- Having a part of your portfolio in cash can also be a smart move, particularly in turbulent times. The thing is to avoid selling when your funds/assets are at their lowest point and therefore locking in losses. Taking some profits when your funds are doing well, on the other hand, and then keeping aside that cash allocation while you sit out volatility can be yet another way of protecting your overall portfolio.
- Finally, we have targeted absolute return funds. This category is diverse and each individual fund within quite different, meaning funds do need to be allocated on a case-by-case basis. Those whose mandate is to be market neutral generally aim to deliver positive returns in all market conditions by potentially investing in a range of different assets and/or using different 'strategies' such as shorting stocks. They are not funds that target 'growth' specifically, meaning they won't be the star performers in a rising market, but nor should they lead the losses when things go south. Funds that we like in this space include Premier Defensive Growth and Henderson UK Absolute Return.
- Past performance is not a reliable guide to future returns. You may not get back the amount originally invested, and tax rules can change over time. Mr McDermott's views are his own and do not constitute financial advice.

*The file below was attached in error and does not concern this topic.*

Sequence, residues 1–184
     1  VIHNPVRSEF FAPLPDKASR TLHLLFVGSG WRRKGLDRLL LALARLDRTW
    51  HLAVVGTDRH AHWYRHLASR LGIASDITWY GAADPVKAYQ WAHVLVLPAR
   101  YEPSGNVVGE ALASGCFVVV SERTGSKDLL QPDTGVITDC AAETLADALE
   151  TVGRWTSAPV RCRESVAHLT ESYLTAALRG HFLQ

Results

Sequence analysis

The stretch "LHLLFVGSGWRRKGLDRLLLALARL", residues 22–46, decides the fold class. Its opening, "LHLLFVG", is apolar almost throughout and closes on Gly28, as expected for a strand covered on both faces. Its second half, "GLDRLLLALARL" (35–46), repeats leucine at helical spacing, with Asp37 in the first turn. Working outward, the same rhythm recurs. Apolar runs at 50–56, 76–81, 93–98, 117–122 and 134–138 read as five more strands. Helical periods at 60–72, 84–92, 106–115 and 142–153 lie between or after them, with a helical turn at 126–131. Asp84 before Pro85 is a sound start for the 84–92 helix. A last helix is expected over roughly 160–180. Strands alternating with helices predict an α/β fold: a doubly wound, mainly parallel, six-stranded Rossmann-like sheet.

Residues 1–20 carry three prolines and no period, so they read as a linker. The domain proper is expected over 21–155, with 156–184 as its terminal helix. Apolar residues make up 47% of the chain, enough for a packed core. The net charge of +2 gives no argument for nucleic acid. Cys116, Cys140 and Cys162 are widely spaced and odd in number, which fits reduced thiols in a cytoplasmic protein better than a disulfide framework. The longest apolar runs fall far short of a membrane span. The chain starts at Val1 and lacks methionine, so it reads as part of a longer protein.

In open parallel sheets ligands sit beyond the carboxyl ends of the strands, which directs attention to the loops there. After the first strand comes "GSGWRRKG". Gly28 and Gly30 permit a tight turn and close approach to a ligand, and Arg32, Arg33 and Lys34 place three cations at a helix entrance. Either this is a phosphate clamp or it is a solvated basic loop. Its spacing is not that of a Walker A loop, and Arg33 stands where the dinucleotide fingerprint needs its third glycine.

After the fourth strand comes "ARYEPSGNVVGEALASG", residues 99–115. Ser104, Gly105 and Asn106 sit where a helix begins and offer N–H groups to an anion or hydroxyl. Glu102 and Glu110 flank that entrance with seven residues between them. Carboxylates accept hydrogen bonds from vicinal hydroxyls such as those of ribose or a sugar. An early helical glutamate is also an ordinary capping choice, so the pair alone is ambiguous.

Darius McDermott is managing director of FundCalibre
The term is interchangeable with stock exchange, and is a market that deals in securities where market forces determine the price of securities traded. Stockmarket can refer to a specific exchange in a specific country (such as the London Stock Exchange) or the combined global stockmarkets as a single entity. The first stockmarket was established in Amsterdam in 1602 and the first British stock exchange was founded in 1698.
An interchangeable term for shares (UK) or stocks (US). Holders of equity shares in a company are entitled to the earnings and assets of a company after all the prior charges and demands on the company’s capital (chiefly its debts and liabilities) have been settled. To have equity in any asset is to own a piece of it, so holders of shares in a company effectively own a piece proportionate to the number of shares they hold. (See also Shares).
Absolute return funds
Absolute return funds aim to deliver a positive (or ‘absolute’) return every year regardless of what happens in the stockmarket. Unlike traditional funds, they can take bets on shares falling, as well as rising. This is not to say they can’t fall in value; they do. However, over the years, they should have less volatile performance than traditional funds.
The familiar name given to securities issued by the British government and issued to raise money to bridge the gap between what the government spends and what it earns in tax revenue. Back in 1997, the entire stock of outstanding gilts was £275bn; by October 2010 it had surpassed £1,000bn. Gilts are issued throughout the year by the Debt Management Office and are essentially investment bonds backed by HM Treasury & Customs and considered a very safe investment because the British government has never defaulted on its debts and this security is reflected in the UK’s AAA-rating for its debt. Gilts work in a similar way to bonds and are another variant on fixed-income securities.